Legal market overview
The overall mood in Mexico in 2015 is best characterised as ‘cautiously optimistic’; however, the market is not in exuberant spirits. Even though the country has the second largest economic output in Latin America, performance remains sluggish – despite the much-heralded ‘Mexican moment’. At only 2.1%, economic growth in 2014 fell far short of expectations that had been heightened with the reforms initiated by President Peña Nieto since his inauguration in late 2012. According to World Bank statistics, manufacturing exports account for a large portion of the country’s current economic performance, mainly resulting from a double-digit increase in the automobile sector. To date, the reforms’ costs have outweighed their benefits, with consumption and investment largely stagnant due to higher taxes, regulatory uncertainty, limited wage growth and overall low consumer confidence. On the positive side, private investment has more recently been on the upswing.
The opening of the energy industry to private sector participation, triggered by the government’s reforms, prompted many to speak of a Mexican energy revolution, and nowhere can this be seen more clearly than in the mid-stream oil-and-gas segment. A case in point is the Los Ramones gas pipeline project, which will connect Mexico with the US gas pipeline network and is expected to form the spine of a planned 10,000km, bi-national natural gas transport network. As a consequence of the reforms an ever-growing number of law firms are increasingly involved in energy-related work: to name just a couple of examples, young boutique firm Ibarra, Del Paso, Gallego y Berezowsky S.C. has built a notable energy and environment practice in recent years; and one-stop energy shop Woodhouse Lorente Ludlow is acting for the government on the implementation of the reform. Apart from US companies, Chinese, Spanish and Canadian firms are also pushing into the Mexican energy market.
Reforms implemented in 2013 also impacted upon competition regulations, remodelling the regulation of the sector with the formation of two autonomous agencies: the Federal Economic Competition Commission (Cofece), and the Federal Institute of Telecommunications (IFETEL), the latter now being in charge of all antitrust issues involving the telecoms sector. This development has kept many competition and TMT practices busy in recent months.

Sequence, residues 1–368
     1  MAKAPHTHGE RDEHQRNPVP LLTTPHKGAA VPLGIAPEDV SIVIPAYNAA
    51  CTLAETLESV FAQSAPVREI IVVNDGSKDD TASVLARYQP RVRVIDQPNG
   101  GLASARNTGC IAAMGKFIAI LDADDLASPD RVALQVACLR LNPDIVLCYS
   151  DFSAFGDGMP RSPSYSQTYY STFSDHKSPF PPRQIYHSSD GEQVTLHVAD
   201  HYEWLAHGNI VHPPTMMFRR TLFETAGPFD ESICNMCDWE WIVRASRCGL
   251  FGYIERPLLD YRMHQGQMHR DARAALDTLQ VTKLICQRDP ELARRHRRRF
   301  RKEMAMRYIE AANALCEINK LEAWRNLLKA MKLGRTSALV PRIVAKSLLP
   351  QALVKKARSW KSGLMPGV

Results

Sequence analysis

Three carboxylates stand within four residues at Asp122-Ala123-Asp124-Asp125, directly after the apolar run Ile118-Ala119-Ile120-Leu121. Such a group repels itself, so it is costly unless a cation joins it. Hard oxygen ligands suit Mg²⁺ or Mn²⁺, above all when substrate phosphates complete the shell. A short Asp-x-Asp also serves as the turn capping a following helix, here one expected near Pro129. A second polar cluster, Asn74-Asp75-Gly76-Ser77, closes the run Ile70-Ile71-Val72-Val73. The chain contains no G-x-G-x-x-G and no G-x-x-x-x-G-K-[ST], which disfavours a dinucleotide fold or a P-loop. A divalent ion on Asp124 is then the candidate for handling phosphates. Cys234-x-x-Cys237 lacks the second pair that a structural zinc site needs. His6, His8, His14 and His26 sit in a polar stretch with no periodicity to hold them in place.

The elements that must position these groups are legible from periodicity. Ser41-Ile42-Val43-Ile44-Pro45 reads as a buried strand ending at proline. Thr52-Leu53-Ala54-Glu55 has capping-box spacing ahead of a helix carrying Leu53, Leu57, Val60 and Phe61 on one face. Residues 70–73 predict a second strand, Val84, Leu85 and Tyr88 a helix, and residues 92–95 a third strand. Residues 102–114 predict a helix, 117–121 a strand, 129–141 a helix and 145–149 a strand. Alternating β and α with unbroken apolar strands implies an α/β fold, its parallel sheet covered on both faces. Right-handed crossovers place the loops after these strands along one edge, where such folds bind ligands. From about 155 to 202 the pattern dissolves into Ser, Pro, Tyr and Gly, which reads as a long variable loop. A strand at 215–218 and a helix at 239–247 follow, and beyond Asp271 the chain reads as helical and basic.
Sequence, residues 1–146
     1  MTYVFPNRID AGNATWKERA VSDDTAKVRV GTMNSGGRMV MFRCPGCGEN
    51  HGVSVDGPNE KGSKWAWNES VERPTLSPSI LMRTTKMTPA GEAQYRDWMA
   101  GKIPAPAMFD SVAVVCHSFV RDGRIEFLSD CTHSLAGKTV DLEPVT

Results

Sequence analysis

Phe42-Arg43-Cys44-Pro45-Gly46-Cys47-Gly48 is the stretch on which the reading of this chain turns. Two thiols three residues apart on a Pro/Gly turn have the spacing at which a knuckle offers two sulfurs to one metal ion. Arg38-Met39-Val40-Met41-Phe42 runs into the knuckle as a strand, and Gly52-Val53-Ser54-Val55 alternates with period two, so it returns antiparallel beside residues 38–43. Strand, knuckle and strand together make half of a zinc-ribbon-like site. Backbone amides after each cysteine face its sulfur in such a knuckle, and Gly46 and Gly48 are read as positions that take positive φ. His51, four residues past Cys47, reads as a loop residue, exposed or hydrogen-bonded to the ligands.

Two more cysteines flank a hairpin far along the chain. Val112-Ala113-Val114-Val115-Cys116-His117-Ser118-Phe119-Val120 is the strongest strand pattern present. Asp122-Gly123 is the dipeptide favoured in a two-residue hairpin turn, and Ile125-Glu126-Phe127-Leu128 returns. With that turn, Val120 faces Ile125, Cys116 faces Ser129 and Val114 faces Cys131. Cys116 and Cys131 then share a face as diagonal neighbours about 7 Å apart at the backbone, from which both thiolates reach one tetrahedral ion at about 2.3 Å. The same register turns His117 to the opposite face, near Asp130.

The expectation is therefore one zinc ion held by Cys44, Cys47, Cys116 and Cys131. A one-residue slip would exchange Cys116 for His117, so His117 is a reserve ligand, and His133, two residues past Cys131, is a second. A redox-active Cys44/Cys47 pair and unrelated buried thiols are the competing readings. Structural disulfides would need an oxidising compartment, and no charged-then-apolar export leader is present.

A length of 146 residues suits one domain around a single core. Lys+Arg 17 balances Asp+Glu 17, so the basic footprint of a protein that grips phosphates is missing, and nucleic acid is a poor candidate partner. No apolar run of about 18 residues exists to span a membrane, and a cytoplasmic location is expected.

The tumult that has affected the Mexican tax sector shows little sign of abating with inter-firm recruitment continuing apace. Arguably the most notable new trend is the decision of full service firms to invest in significant transactional tax practices. If Jones Day and Creel, García-Cuéllar, Aiza y Enríquez, S.C. are at the forefront of this curve, then it is also notable that Nader, Hayaux y Goebel, SC (with the hire of Adalberto Valadez Hernández from Chévez, Ruiz, Zamarripa y Cía SC) , White & Case S.C. (with the hire of Guillermo Aguayo from Santamarina y Steta) and Haynes and Boone, L.L.P. (with the recruitment of Edgar Klee from Turanzas, Bravo & Ambrosi) have all embarked on similar strategic investments. Bucking the trend towards more sizeable service offerings, Manuel Tron has left Ernst & Young (although he retains a role as Counsel) to return to a boutique set up, Manuel Tron SC, where he frequently works in conjunction with firms including Arias, Meurinne y Rodríguez, S.C., SMPS Legal and Cuevas y Pueblita Abogados. (Since research concluded, Manuel E Tron has joined SMPS Legal.)
International trade and customs practices, like those in the associated tax sector, have been affected by increased competition for staff: cases in point have seen Baker & McKenzie S.A.S. lose regional practice head Edmundo Elías, and Basham, Ringe y Correa, S.C. see retiring practice head Gerardo Hernández, along with former head of tax Luis Ortiz, take a number of staff with them to establish new boutique firm Ortiz, Hernández y Orendain, S.C..
Foreign (primarily US) firms continue to play an increasing role in the Mexican market, the most prominent example being Hogan Lovells BSTL, which was formed when long-established full-service firm Barrera, Siqueiros y Torres Landa (BSTL) merged into Hogan Lovells in 2014, a move that gave the new firm a considerable boost. Greenberg Traurig, SC, which opened offices in Mexico City in 2011, benefitted from the dissolution of now-defunct Raz Guzmán Abogados but also saw five partners depart to Jones Day. Market leviathan Baker & McKenzie S.A.S. welcomed an entire team of corporate experts from DLA Piper Mexico (Carlos R Valencia being the most high-profile figure) – whose team was revamped in turn with its local merger with longstanding Gallastegui y Lozano to form DLA Piper Gallastegui y Lozano. Other notable international firms include Haynes and Boone, L.L.P. and Holland & Knight, which have both steadily built their local market share; leading corporate player White & Case S.C.; and labour specialists Littler, De la Vega y Conde SC. Spanish heavyweight, Garrigues opened a Mexico office in 2013.
Local players with a small but increasing participation in the market include firms such as Chávez Vargas Abogados, COMAD, S.C., Cuesta, Llaca y Esquivel, as well as traditional name Noriega y Escobedo, A.C..